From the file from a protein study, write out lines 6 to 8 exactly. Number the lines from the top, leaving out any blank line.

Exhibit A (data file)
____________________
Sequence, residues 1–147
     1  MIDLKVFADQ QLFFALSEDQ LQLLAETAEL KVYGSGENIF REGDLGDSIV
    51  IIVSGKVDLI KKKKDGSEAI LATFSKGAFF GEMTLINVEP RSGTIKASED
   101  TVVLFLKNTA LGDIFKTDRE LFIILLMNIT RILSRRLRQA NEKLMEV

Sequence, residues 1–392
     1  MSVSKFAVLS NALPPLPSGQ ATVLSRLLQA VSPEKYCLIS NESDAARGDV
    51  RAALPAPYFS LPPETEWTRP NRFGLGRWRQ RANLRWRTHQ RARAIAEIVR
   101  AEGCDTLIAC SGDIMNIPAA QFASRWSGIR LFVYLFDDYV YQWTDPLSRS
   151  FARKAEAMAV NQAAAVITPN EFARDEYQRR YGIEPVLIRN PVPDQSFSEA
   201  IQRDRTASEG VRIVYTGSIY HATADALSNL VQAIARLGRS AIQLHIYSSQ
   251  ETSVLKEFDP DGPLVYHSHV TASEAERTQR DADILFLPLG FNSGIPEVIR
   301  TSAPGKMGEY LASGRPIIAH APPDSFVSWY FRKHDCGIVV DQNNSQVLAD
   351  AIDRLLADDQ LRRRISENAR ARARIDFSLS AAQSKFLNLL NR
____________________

     1  MSVSKFAVLS NALPPLPSGQ ATVLSRLLQA VSPEKYCLIS NESDAARGDV
    51  RAALPAPYFS LPPETEWTRP NRFGLGRWRQ RANLRWRTHQ RARAIAEIVR
   101  AEGCDTLIAC SGDIMNIPAA QFASRWSGIR LFVYLFDDYV YQWTDPLSRS